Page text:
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  1. Like
    jonathan_dyane reacted to Angrydicky in Dicky’s Disastrous Debris - it’s a runner! 1/9/21   
    I’ve been mega busy lately so progress on the fleet has slowed somewhat, but here’s an update on the Rover.
    Since purchasing it in November, it’s been pretty much* trouble free. I immediately pressed it into service and have managed to clock up 10,000 miles with relative ease. It had 98k when I got it and it’s now on 108k.
    * Well it’s never FTPd, the issues have really just been due to age and neglect.
    First thing I noticed was a severe wheel wobble when braking hard. It was pretty horrible and although the car had recent rear calipers, pads and discs, the front pads had also been changed but the discs had been left. That’s because it’s a big job to change them on these. I did look into doing it at the time and thought it looked a total ballache, the discs on these are held on with four bolts at the rear and they are completely inaccessible without dismantling most of the front suspension.
    I bought genuine Rover parts on eBay for not very much ££, and gave them and the car to my excellent local garage. Not the cheapest, but they did the job swiftly and carefully, despite having to contend with many rusted bolts etc, and the job taking most of the day.
    I then had a long period where nothing much happened. I had the remote key fob repaired as that didn’t work, and then just used it. All the time looking out for a 600 breaking in the same colour (White Gold Metallic) that I could get a half decent bonnet and bootlid from. The paint on them was FUCKED, the roof was no better. I think someone had used a Brillo pad to remove the peeled lacquer, shame really as it’s a straight original car.
    I noticed the power steering oil cooler pipes were in poor condition when I got the car. They are mild steel, and run along the bottom of the radiator support panel, with predictable results. I remember looking at 600s in scrapyards 10 years ago and the pipes were all rotten then. They basically loop around and go back to the pump, with a couple of short lengths of flexi hose which connect the oil cooler pipes to the rest of the system. It does seem a bit over-engineered to me, and I did wonder if you could just bypass the pipes with longer piece of rubber hose. But Honda deemed it necessary, and I like my cars to be as original as possible.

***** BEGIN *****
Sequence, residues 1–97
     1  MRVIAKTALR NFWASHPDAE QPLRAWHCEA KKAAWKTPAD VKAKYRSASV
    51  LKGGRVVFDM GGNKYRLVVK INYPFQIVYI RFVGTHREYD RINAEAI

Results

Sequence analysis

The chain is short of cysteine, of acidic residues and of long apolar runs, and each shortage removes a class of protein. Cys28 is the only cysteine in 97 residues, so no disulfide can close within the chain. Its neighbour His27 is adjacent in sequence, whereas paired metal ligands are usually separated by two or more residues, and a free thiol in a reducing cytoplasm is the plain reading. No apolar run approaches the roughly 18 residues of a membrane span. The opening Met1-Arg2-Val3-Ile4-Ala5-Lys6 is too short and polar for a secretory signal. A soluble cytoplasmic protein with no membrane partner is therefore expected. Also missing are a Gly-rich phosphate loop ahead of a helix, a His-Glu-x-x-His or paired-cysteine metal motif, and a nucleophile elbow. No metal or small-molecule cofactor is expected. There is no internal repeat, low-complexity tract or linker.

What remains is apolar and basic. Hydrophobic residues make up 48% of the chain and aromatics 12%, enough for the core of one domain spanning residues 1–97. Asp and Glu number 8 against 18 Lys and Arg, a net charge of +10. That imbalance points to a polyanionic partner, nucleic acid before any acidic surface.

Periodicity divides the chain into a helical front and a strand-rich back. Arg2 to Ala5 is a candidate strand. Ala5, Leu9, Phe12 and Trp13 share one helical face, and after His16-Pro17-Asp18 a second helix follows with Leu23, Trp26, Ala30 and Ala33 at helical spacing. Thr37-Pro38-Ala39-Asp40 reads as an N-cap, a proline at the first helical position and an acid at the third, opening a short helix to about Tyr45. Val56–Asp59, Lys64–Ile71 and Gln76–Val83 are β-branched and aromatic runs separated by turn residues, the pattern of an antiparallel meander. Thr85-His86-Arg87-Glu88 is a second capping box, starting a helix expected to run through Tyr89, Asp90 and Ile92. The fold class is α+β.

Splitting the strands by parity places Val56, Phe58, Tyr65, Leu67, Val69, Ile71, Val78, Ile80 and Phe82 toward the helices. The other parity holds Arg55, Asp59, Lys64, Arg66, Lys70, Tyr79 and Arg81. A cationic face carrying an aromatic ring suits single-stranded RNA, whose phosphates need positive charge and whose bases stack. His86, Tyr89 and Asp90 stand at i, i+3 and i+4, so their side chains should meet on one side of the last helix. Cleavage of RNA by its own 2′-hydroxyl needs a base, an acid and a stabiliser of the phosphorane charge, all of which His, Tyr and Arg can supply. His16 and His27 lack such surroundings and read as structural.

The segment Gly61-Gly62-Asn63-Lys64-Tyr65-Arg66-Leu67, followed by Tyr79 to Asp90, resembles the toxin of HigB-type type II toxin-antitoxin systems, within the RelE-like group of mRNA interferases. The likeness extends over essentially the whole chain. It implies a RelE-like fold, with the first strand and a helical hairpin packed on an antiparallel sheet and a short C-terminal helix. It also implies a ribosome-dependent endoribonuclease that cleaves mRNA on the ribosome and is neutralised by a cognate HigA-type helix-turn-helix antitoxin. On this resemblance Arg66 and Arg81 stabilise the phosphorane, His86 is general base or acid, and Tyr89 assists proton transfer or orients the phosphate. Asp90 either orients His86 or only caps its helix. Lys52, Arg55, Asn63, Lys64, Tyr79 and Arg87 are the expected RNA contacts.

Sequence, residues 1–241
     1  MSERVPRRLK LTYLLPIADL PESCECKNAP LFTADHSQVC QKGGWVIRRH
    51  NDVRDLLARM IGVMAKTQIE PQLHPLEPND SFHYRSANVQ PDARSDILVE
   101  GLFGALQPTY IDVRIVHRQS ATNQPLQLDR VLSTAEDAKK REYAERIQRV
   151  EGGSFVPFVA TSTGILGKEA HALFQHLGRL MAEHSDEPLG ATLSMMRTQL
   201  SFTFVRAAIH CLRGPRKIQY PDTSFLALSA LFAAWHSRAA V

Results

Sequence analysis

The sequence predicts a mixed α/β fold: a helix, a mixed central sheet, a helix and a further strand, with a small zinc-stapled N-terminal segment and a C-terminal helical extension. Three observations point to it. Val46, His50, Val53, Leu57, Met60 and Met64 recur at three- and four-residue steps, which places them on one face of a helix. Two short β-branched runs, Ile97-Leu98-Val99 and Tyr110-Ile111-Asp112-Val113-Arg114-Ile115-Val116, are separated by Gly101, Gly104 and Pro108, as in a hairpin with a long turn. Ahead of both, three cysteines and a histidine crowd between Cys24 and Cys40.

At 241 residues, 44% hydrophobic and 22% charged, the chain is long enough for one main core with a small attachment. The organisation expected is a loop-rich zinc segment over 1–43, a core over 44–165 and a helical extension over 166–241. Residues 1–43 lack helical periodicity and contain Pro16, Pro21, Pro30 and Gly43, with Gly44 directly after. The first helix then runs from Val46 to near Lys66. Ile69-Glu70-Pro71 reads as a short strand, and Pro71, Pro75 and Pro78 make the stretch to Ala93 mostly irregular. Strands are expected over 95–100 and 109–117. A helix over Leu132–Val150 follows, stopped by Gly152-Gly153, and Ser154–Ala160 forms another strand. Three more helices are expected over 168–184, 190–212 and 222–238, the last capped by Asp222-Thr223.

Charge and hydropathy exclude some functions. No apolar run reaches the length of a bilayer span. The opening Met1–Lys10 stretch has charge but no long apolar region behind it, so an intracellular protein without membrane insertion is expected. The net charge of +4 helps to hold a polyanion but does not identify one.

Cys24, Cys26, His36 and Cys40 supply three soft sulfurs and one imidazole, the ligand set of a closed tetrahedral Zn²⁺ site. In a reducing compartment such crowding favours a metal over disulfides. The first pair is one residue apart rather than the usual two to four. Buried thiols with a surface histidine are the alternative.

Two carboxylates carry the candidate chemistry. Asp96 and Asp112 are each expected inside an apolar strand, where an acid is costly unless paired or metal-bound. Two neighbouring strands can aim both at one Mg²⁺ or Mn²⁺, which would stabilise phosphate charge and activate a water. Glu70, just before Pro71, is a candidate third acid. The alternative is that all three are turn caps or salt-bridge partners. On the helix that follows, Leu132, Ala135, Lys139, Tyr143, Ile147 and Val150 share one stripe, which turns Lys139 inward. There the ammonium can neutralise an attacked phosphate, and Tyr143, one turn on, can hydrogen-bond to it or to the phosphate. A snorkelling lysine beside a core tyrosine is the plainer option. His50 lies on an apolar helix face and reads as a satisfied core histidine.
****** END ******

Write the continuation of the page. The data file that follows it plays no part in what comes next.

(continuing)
On one of my regular checks under the bonnet I noticed the pipes were damp in the middle, a closer inspection revealed a drip forming on the bottom of the pipe. Although it didn’t appear to be leaking very quickly,  I seem to remember dollywobber lost his PAS due to the rotten pipes on his one, so I started looking for a set. There was someone on eBay with some secondhand ones for £50. Seemed very steep. As a temporary measure, I wrapped some tape around it, but it didn’t really work.

    I was browsing the Rover 600 group on Facebook when I saw this post from Rover enthusiast/breaker Jared Whiting, showing a White Gold 620 he’d just purchased.

    The passenger wing was clearly dented like mine was, but I excitedly messaged him to ask if he was breaking it and if so, what were the bonnet and boot like. He confirmed he was, and sent me some pictures which showed they looked ok. Few small scratches and stone chips, but nothing much. He gave me a good price for the bits, the only problem was today was Thursday, he already had it booked for car take back on Monday so I needed to get there sharpish. Where was he again? Market Drayton, other side of the country. Oh well, it’s a day out!
    Arrived about 12 after getting hopelessly lost and failing to find his yard. The 620 had 170k miles on it and was very rough. It was filthy inside and out and was still full of the deceased previous owner’s possessions. I didn’t feel guilty about stripping it for mine, it had been sat for a few years too. It still started and ran ok with a battery, good old Honda engines.

    That’s me while the job was going reasonably well!
    I started with the bootlid, which I thought would be a battle. I was right, getting the actual bootlid fitted wasn’t too bad but threading the loom through was tricky and swapping over the lock and connecting up it and the internal boot release was a massive ball ache. Which culminated in me shutting the boot to test it latched, which it did. However, I had failed to fit the internal release cable correctly, meaning the boot remained resolutely shut and I’d thrown the keys down in the boot while swearing at the mechanism! 
    The back seats do fold forwards but you have to pull straps inside the boot to release them, meaning that was a non starter. Fortunately, the lock was worn enough that wiggling the donor car’s key in there popped the bootlid open!